When we read in the word of God about our heavenly Father, we find that He is very much in tune with our needs. Matthew 6:8 tells us that God knows our needs even before we ask. Matthew 7:7-11 reminds us that human fathers know how to give good gifts to their children. The question is then raised, “If you then, being evil, know how to give good gifts to your children, how much more will your Father who is in heaven give what is good to those who ask Him” (Matthew 7:11).

Cast your anxiety (cares, worries) on God

Peter wrote, “casting all your anxiety on Him, because He cares for you” (1 Peter 5:7). When we are faced with adversity, it is easy to forget the strength and comfort we find in the Lord. Too often we wait until the world is in shambles before we remember the great love God has for us. Too often, we forget to approach Him in prayer.

Some may contend that worry is simply part of life. They may even call the burdens that weigh heavily upon their minds “legitimate concerns”. But whatever a person may call them, they are not healthy for productive Christian living. Therefore, we must always remember to seek first His kingdom and His righteousness. If we do so, all these other concerns will be taken care of (Matthew 6:25-34).

Remain Thankful

It may sound strange, but thankfulness before God goes a long way in keeping us strong in the faith. All can remember struggles of the past that they thought they would never make it through. Yet, it happened. The struggles were overcome because one’s faith was grounded in the Lord. The key was looking to Him in prayer and remaining steadfast.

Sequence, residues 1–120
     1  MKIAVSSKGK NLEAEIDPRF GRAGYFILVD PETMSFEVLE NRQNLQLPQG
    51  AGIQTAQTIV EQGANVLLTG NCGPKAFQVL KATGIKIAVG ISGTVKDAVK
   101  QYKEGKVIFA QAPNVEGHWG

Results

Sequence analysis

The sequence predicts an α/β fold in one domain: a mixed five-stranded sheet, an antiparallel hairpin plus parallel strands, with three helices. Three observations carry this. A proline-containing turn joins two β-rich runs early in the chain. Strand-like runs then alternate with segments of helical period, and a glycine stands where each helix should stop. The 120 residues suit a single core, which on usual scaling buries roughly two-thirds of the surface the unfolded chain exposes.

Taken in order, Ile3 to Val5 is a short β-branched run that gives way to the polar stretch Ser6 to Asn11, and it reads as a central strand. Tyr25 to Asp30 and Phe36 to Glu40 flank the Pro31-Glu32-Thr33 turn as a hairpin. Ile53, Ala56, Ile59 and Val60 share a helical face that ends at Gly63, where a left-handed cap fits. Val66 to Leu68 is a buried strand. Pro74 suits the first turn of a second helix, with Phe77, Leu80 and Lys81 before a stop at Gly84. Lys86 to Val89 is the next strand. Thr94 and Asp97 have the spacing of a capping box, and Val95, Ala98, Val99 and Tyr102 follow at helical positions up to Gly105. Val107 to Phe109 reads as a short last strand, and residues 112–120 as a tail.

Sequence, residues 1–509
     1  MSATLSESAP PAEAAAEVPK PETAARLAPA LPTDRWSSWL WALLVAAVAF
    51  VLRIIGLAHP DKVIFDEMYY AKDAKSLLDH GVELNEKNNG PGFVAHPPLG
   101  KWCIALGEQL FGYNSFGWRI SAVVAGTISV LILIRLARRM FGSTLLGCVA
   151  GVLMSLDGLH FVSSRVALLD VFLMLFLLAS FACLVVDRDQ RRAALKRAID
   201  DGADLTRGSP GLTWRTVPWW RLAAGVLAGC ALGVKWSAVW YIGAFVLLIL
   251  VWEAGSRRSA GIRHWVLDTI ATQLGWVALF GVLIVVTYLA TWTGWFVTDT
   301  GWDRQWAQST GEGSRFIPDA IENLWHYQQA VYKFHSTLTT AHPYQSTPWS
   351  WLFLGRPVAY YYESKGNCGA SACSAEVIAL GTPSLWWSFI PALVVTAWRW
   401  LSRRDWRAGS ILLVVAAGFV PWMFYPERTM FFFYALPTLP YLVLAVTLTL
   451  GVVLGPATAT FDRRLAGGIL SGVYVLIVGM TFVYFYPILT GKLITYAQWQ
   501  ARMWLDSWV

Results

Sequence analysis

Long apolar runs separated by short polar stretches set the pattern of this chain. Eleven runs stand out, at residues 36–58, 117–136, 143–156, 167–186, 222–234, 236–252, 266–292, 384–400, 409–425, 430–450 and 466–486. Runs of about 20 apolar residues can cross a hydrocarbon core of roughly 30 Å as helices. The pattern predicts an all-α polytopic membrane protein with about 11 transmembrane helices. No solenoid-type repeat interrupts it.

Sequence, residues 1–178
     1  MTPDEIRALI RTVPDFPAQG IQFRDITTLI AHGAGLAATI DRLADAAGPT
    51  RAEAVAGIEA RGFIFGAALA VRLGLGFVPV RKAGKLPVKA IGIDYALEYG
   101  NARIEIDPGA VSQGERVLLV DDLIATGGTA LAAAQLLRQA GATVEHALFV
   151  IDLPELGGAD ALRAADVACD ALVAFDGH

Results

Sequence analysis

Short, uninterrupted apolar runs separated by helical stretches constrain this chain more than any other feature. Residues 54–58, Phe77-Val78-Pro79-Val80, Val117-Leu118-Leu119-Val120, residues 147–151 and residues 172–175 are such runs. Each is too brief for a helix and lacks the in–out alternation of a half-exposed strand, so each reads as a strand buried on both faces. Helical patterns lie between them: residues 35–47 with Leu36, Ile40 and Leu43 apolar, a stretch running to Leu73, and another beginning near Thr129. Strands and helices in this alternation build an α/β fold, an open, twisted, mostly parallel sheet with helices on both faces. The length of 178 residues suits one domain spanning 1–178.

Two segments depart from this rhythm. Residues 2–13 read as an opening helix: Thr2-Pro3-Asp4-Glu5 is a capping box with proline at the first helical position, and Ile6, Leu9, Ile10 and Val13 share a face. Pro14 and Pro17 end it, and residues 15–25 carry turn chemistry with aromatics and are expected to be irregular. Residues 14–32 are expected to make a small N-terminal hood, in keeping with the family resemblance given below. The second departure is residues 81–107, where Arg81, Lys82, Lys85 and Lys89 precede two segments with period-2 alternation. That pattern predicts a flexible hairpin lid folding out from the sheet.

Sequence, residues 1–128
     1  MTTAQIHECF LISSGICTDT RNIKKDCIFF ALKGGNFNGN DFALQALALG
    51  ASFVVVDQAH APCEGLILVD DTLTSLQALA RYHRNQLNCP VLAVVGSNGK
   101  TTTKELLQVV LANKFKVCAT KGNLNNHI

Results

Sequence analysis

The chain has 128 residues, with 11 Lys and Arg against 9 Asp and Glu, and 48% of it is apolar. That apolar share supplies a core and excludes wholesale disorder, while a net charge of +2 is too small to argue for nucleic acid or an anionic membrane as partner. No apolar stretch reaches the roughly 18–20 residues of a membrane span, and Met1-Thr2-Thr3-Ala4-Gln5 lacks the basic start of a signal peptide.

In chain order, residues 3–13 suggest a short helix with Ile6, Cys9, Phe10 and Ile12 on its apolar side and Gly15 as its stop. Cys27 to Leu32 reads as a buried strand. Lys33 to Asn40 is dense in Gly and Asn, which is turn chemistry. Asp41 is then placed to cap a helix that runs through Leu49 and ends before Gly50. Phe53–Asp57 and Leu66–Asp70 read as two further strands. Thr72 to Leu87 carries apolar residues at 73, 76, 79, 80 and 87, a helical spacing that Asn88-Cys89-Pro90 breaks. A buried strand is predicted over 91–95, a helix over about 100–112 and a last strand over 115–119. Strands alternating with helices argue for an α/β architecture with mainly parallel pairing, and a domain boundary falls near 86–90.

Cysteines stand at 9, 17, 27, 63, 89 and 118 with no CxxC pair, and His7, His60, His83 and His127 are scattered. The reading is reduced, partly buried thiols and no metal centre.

Therefore, we look to the current obstacles in our path and face them with newfound confidence knowing that our God is still with us. This was exactly what David did before facing Goliath. He remembered God’s deliverance from the lion and the bear. Then he looked at the Philistine and boldly stated that he would be defeated like one of them. The next time you are faced with adversity and discouragement, remember the great power of prayer. When we bow our heads in prayer, the line of communication between our hearts and our heavenly Father is open. He hears us and will answer speedily (Luke 18:8).

When Life Makes No Sense

Confusing life

When we study God’s Word, we are warned that “evil” days will come (Ecclesiastes 12:1; Matthew 6:34; Ephesians 5:16). Job observed, “Man, who is born of woman, Is short-lived and full of turmoil” (Job 14:1; cf. Psalm 73:14, 21). At times, there will be events, situations, diagnoses, tragedies, and conditions in our lives that will make no sense. That is why the Psalmist wondered aloud, “Why do You stand afar off, O LORD? Why do You hide Yourself in times of trouble” (Psalm 10:1)?